Weddings at Yosemite National Park are gorgeous. I’ve seen splendidly dressed couples and their entourages process up the Mist Trail to Bridalveil Fall, a most spectacular backdrop for a solemn exchange of vows. Trekkers who happen upon the ceremony respectfully hang back, as they, too experience the solemnity and grandness of this most awesome place. Guests later celebrating at the Ahwahnee Hotel will toast the bride and groom, and photographs will show Half Dome, Glacier Point and Yosemite Falls in the background. It’s too bad that the government shutdown has closed the park.
Then there are the vistas from the spectacular Cliff House, perched high atop the basalt cliffs on the western side of San Francisco. For decades, brides and grooms have chosen the Cliff House for their receptions. The views are stunning. Guests dine and watch the waves crash against Seal Rocks, spraying white foam and mist into the air. They can see the famous ruins of Sutro Bath, and follow large ocean vessels passing in the distance. This weekend a bride and groom had booked this facility to celebrate their cherished day with loved ones, but as the Cliff House is part of the Golden Gate National Recreation Area operated by the National Park Service, this couple now has to scramble to find another venue. It’s closed.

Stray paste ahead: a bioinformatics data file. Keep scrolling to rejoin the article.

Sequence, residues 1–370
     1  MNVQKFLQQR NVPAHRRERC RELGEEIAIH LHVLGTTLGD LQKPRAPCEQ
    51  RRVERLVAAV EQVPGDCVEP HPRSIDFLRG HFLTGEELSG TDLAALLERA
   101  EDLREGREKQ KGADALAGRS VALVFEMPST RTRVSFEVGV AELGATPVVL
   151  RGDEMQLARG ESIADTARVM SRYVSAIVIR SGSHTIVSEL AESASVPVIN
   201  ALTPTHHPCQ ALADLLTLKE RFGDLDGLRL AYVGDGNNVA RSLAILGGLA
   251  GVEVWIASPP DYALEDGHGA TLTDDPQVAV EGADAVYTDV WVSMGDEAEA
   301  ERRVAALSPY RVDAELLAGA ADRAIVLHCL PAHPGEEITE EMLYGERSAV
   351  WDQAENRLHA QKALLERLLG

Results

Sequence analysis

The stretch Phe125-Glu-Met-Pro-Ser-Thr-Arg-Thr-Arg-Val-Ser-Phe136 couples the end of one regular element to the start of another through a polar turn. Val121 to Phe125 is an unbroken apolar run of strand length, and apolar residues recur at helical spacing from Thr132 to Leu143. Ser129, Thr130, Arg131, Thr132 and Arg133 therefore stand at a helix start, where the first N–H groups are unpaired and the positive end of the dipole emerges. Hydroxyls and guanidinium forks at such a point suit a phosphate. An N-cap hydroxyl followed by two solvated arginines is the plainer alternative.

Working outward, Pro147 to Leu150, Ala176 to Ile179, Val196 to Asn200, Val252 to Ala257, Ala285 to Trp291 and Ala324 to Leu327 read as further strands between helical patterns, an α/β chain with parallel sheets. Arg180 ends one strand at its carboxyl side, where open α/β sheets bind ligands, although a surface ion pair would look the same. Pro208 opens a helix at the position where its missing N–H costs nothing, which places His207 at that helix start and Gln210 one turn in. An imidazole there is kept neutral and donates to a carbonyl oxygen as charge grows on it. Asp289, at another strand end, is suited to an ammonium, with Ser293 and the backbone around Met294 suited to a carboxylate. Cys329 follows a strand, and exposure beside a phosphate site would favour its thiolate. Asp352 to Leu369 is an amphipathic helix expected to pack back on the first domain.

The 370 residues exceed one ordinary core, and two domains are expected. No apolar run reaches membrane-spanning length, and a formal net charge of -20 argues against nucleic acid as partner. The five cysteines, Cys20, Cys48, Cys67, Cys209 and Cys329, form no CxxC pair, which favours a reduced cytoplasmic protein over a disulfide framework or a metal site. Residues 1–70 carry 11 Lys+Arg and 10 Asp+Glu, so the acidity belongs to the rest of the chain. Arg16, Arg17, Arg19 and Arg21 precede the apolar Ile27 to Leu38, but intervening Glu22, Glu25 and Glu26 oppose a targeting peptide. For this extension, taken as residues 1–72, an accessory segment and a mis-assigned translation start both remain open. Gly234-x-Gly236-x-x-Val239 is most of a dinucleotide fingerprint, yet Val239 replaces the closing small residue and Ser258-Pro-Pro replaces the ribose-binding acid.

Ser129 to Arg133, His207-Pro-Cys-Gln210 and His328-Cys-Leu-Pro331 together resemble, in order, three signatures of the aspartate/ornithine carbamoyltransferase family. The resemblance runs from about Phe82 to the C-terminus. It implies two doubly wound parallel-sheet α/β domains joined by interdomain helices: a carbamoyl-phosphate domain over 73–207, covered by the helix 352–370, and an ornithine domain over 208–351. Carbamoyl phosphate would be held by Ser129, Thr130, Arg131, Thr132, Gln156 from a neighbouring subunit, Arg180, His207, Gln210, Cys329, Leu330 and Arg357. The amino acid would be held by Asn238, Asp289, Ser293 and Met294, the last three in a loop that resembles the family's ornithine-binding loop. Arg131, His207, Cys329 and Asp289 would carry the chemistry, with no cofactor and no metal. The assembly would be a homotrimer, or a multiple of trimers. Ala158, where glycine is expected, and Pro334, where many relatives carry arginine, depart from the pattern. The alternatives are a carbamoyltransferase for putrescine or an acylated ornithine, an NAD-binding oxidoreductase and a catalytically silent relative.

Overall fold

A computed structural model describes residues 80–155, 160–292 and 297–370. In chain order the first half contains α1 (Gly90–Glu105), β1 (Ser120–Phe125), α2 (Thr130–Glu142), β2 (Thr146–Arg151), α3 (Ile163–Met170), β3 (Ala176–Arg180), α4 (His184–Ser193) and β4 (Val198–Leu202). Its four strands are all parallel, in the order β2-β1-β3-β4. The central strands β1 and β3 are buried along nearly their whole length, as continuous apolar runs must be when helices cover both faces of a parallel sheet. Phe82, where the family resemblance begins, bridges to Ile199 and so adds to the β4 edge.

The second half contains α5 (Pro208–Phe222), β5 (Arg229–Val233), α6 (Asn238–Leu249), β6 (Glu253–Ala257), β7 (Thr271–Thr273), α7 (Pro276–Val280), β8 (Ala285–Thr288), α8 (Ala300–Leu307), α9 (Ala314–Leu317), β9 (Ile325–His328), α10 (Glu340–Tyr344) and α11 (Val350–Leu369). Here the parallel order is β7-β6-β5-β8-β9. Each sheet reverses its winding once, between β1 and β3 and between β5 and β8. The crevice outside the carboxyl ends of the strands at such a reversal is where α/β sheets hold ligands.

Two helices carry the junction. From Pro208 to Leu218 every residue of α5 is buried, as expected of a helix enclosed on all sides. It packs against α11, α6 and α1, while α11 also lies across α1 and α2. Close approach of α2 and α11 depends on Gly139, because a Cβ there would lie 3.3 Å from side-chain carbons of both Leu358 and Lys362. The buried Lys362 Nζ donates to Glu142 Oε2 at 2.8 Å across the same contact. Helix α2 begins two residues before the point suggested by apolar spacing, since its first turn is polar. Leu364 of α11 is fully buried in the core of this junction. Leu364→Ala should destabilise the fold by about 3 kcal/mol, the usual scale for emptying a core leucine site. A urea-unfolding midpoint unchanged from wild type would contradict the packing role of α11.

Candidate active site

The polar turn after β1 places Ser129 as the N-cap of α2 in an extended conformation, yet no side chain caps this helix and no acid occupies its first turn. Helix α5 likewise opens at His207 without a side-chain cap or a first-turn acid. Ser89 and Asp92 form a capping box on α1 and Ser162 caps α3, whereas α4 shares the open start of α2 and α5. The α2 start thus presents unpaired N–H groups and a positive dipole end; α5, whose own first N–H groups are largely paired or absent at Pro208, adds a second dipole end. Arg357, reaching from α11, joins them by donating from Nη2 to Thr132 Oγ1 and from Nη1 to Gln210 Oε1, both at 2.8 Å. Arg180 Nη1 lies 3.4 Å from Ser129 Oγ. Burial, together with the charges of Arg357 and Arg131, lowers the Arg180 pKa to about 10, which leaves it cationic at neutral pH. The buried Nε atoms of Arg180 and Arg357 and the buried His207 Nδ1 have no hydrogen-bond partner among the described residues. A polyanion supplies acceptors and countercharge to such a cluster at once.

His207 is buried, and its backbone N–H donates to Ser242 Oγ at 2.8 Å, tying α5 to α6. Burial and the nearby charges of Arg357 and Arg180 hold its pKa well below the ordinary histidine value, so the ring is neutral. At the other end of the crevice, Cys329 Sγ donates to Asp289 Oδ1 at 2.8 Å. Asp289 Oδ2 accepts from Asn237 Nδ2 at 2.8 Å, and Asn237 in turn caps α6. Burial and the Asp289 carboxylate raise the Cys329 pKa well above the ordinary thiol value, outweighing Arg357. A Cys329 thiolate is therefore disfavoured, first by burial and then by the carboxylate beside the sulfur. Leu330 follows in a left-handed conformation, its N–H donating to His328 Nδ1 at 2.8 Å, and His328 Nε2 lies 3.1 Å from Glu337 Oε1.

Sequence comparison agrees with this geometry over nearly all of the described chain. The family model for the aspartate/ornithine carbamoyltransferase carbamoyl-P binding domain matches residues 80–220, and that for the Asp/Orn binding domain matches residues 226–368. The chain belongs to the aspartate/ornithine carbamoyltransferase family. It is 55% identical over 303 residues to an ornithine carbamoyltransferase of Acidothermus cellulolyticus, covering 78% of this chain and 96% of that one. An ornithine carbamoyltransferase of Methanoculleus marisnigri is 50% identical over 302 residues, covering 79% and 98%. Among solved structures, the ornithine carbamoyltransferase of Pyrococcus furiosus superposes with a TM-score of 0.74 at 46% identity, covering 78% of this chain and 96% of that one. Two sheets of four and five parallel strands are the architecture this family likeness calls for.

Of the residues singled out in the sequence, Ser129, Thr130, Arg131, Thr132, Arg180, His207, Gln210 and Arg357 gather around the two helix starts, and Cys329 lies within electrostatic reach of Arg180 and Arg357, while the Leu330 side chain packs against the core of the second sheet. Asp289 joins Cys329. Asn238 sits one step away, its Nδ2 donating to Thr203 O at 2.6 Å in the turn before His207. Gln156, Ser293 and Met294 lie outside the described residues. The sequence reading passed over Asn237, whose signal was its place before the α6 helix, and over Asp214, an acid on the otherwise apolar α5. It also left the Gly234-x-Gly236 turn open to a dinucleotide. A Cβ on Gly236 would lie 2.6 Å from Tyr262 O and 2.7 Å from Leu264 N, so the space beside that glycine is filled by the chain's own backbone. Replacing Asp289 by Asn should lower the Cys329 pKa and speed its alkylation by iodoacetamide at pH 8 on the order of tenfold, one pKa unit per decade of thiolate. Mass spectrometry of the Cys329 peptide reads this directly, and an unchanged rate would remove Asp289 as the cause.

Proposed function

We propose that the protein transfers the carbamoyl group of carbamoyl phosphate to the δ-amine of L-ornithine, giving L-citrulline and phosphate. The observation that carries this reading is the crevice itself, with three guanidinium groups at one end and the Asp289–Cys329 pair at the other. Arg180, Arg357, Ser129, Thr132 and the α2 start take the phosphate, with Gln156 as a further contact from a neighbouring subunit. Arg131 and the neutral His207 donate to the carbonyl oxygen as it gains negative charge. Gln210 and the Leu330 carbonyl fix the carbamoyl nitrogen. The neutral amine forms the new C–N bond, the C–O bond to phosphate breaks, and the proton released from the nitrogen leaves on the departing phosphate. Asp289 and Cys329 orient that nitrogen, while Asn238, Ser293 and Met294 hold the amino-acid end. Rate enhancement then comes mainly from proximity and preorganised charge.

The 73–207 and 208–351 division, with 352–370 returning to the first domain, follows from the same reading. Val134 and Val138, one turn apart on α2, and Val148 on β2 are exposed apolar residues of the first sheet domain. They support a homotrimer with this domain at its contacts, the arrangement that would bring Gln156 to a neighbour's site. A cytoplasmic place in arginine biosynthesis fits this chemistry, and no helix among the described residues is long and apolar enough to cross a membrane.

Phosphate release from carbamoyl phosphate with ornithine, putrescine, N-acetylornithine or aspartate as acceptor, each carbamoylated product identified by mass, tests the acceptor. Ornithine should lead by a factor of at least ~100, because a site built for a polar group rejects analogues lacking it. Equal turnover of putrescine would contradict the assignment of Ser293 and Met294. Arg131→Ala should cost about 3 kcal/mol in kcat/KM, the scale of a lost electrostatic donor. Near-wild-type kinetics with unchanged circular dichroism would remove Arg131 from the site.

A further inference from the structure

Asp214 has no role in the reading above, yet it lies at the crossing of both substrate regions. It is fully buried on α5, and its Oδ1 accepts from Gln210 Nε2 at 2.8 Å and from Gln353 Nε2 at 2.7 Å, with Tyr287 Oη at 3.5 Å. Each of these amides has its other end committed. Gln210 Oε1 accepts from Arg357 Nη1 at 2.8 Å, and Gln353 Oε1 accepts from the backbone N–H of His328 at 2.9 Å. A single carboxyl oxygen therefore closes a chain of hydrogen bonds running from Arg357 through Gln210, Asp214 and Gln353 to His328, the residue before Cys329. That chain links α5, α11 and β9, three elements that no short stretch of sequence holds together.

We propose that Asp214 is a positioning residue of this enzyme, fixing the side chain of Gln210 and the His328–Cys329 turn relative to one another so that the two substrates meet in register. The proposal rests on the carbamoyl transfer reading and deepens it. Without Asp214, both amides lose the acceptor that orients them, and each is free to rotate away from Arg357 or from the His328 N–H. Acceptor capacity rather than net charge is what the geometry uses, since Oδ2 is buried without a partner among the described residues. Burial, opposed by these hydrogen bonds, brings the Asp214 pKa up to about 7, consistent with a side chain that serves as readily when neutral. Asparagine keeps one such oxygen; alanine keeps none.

This bride and groom, their families and friends will find this experience challenging at the very least. There may be sleepless nights and worry and hassles, but it should not create a life-threatening situation. That is not the case for others, however. A blood drive that was scheduled for yesterday, October 2, 2013 at the NASA Ames Research Facility in Mountain View, California was cancelled because 1,000-plus Ames employees have been furloughed. According to a Stanford School of Medicine release, the Stanford Blood Center has an urgent need for O-negative blood.* The same document also states that the federal government’s shutdown is affecting the center’s ability to meet that demand. They expected to collect 75 units of whole blood yesterday.
This morning I received an email from a friend of mine. She is worried that because of the shortage, there may not be blood for her at Stanford when she needs her next transfusion. And it’s not only my friend who is caught up in this; the Stanford Blood Center provides blood products to seven area hospitals in addition to their own hospitals and clinics. People dealing with delicate, precarious and problematic health conditions have many concerns; worrying about the availability of hemoglobin or platelets should not be one of them. My friend is angry. Who can blame her? Our Congress is playing with her life.
October 3, 2013